Whiting: Drivers still have respect

FIA race director reveals why Rosberg and Hamilton were not penalised in Bahrain

Last Updated: 12/06/12 3:49pm

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Charlie Whiting: Improved safety means drivers 'probably' take more risks

Charlie Whiting: Improved safety means drivers 'probably' take more risks

Charlie Whiting has given a rare interview about current driving standards in Formula 1 in which he says that he doesn't believe drivers exploit modern-day safety standards to deliberately endanger rivals.


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The driving of the sport's current generation of drivers has come under close scrutiny on several occasions this season following controversial incidents this and last week former World Champion Jacques Villenueve expressed some typically forthright views on the matter.

The 1997 World Champion, who served as an analyst for Sky Sports F1 at the Canadian Grand Prix last weekend, cited several incidents, including those involving Nico Rosberg at the Bahrain Grand Prix in April, as examples of drivers showing a lack of respect on the track.

Labelling current F1 stars as "daddies boys", Villeneuve said the 2012 crop of drivers had become complacent given the high standards of safety the sport now enjoys.

Speaking in an interview with F1 journalist Will Buxton, Whiting, the FIA's Race Director, explained the decision by stewards not to punish Rosberg for his moves on both Lewis Hamilton and Fernando Alonso in Bahrain.

Although instinctively believing that Rosberg should be punished when he first saw the incidents, Whiting changed his mind upon closer inspection - but still thought the decision was "marginal".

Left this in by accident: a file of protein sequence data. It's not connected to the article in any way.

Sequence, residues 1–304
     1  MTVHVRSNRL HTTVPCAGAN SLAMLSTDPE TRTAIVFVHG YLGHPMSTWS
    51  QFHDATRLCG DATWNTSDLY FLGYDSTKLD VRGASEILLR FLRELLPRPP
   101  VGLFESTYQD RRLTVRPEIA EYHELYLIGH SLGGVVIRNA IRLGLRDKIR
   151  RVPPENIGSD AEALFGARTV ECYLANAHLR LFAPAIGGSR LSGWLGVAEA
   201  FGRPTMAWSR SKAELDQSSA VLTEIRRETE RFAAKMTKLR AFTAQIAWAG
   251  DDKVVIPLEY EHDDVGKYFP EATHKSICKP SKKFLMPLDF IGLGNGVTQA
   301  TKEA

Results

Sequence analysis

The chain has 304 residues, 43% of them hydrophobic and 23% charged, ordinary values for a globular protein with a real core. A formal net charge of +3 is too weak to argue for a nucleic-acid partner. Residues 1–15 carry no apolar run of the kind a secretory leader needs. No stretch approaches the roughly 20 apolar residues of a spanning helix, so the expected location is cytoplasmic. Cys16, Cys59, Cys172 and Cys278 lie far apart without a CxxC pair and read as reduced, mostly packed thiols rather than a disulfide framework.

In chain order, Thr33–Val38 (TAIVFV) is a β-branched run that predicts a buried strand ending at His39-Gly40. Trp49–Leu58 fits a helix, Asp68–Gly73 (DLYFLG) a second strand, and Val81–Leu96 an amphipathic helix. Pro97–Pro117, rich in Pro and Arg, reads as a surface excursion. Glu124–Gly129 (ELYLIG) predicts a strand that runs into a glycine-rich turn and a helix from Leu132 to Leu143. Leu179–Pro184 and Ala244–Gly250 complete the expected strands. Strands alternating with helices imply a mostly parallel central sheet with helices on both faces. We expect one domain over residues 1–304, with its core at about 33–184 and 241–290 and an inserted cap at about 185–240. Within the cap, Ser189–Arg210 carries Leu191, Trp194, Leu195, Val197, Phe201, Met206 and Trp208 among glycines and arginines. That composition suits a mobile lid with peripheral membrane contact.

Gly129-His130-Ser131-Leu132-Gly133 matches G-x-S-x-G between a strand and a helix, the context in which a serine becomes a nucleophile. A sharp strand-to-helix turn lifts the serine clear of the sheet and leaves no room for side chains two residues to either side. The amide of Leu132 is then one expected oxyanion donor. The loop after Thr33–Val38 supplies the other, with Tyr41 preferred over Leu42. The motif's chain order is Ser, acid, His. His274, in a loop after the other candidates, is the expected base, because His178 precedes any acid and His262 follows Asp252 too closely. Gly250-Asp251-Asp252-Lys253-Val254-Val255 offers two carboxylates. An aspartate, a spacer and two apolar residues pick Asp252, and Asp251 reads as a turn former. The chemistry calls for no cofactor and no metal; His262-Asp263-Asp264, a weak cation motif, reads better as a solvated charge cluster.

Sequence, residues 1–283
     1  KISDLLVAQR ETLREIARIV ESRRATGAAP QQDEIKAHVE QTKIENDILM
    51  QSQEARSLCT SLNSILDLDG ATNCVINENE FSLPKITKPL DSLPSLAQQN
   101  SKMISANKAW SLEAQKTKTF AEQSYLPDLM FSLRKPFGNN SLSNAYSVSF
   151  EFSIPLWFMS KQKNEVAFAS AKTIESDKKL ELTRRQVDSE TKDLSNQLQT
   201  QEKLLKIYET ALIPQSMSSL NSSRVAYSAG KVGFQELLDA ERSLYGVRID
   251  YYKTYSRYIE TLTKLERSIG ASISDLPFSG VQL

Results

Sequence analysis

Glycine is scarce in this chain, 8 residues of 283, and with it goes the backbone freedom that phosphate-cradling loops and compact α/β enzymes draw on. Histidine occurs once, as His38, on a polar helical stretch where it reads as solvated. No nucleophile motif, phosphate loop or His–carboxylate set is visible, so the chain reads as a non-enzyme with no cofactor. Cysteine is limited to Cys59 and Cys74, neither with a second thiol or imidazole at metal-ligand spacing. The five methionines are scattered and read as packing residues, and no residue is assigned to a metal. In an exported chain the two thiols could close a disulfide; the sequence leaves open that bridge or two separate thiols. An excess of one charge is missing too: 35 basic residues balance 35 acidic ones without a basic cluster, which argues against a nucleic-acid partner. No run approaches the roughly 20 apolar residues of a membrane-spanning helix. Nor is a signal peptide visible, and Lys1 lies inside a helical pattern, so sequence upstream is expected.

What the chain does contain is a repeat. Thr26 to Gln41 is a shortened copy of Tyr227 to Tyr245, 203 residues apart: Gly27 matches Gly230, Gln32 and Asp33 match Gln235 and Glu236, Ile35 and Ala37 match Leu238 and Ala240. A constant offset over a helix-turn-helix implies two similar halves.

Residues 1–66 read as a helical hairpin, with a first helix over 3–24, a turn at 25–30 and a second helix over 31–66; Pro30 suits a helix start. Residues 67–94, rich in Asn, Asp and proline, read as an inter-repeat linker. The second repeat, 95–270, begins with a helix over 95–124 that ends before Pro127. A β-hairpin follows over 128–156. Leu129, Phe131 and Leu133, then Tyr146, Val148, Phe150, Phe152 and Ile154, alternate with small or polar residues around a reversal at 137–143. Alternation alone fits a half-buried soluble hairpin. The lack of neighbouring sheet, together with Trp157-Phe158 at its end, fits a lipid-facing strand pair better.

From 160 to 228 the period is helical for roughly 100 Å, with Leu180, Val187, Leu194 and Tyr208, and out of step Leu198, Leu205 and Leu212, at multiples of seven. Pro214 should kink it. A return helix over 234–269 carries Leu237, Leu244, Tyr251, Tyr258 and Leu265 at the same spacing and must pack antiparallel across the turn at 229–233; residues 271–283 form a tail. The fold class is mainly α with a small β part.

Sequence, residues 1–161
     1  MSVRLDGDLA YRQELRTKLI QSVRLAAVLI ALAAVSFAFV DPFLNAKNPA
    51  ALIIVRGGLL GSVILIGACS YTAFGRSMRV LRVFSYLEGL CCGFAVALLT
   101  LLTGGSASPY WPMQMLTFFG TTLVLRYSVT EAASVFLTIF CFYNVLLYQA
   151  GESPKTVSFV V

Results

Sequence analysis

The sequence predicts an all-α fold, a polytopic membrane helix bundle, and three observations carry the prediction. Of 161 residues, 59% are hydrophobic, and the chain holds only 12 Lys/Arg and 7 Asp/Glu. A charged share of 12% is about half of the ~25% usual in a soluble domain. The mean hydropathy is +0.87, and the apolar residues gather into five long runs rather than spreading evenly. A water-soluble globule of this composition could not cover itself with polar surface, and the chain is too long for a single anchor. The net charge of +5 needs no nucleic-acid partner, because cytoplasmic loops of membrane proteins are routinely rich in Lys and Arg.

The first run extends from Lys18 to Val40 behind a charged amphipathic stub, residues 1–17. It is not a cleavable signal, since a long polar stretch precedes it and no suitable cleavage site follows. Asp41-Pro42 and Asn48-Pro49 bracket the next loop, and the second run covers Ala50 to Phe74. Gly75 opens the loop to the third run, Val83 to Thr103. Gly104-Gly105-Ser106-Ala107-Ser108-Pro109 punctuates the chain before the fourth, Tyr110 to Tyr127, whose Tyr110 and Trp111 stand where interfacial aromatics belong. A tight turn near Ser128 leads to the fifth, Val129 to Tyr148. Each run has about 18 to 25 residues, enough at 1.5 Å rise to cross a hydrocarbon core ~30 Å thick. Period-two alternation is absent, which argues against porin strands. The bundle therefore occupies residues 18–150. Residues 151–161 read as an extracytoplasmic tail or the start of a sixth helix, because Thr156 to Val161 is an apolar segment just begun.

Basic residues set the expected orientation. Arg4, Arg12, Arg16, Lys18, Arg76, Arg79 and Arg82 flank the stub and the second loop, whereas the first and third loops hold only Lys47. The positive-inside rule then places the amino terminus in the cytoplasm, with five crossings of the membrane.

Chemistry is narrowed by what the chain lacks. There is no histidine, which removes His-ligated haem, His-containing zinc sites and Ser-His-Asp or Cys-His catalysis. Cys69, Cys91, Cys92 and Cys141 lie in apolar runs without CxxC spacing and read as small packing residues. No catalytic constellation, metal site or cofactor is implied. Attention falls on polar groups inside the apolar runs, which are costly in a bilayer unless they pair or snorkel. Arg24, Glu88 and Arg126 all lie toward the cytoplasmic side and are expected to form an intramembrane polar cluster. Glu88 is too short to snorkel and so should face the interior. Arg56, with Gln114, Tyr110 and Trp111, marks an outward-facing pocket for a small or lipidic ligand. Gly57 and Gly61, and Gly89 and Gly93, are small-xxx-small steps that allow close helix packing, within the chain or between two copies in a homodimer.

Explaining the stewards' rationale, Whiting said: "It was much clearer in the case with Lewis. At no point when there was one car width left between Nico's car and the edge of the track was any part of the car behind alongside him. That's what swayed it just in Nico's favour.

"The rules specifically say he's allowed to use the full width of the track. He didn't force the driver off track, the other driver drove off the track. Fernando backed off, lost momentum, but Lewis decided he was going to go for it whatever and kept going, and that for me was the only contentious thing: did Lewis gain an advantage by going off the track?"

Hamilton was able to run wide on to the huge expanses of run-off surface at the Bahrain International Circuit, and Whiting admits that drivers "probably" feel able to take more risks at such forgiving tracks.

"They probably do more because they know that the worst that could happen to them is to spin off into a vast expanse of asphalt," he said.

"Normally, and I think Bahrain is the exception to the rule, the track verges, as in the edges of the track, are grass. So it would have been a whole different story if Lewis would have kept his foot in and used the grass instead of the asphalt in Bahrain. He would have lost downforce and grip on the grass.

"I don't think Nico would have done anything different had it been grass, I think it's the driver behind who would have done something different."

While further admitting that such incidents are "an unintended consequence" of modern safety standards, Whiting said he didn't believe that drivers would use the perceived reduction in risk to deliberately endanger a rival.

"I'd like to think drivers didn't think that. I'm sure they take more risks when it comes to trying to do a quick lap, when they've got open expanses of run off area. That's inevitable - I think laptimes around Monaco would be a bit quicker if there was no guardrail there.

"But I don't think that they do anything that they shouldn't do, and even if they did they'd be nicked. It wouldn't matter how big the verges or the run-off areas are, whether it is grass, asphalt or gravel. If the move is wrong, it is wrong."

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